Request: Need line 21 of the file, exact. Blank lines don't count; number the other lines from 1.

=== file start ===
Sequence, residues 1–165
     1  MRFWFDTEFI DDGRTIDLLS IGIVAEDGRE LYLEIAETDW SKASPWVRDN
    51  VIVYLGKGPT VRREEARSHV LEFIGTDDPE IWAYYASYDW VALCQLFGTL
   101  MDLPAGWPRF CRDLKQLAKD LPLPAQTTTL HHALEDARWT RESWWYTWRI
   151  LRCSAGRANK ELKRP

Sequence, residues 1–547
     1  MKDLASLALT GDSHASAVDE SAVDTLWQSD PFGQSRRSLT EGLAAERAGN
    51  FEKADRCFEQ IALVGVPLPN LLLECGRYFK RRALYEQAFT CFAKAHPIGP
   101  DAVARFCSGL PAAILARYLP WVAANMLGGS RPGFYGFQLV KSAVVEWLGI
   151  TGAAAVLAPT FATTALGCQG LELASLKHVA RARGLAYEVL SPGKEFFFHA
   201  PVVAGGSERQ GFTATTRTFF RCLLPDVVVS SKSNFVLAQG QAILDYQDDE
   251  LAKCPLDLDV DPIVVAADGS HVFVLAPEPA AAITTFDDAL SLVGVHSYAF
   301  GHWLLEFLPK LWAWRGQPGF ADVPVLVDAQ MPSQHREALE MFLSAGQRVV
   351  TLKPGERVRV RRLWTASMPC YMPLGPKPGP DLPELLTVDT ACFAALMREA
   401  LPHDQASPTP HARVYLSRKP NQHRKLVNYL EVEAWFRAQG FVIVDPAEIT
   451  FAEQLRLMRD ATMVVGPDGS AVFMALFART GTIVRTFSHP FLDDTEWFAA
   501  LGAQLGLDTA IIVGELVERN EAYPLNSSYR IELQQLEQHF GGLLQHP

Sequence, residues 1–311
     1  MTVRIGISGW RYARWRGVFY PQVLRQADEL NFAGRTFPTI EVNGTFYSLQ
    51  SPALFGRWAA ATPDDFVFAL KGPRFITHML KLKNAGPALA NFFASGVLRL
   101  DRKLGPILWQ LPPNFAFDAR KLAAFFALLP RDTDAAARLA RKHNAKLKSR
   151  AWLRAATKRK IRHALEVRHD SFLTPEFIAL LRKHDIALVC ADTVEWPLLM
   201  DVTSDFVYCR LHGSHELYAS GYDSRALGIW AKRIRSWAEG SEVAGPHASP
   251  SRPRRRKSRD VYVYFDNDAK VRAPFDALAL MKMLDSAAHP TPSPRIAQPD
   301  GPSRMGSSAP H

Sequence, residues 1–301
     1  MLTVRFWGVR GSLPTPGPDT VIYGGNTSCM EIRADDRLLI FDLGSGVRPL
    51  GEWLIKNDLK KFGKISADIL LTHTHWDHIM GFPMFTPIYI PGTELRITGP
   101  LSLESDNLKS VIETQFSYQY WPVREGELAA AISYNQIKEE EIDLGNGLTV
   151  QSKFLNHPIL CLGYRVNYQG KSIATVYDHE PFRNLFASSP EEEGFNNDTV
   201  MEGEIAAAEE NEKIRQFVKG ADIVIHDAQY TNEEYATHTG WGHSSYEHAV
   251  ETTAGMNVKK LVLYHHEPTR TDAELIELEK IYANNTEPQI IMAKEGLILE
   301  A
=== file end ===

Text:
   101  DRKLGPILWQ LPPNFAFDAR KLAAFFALLP RDTDAAARLA RKHNAKLKSR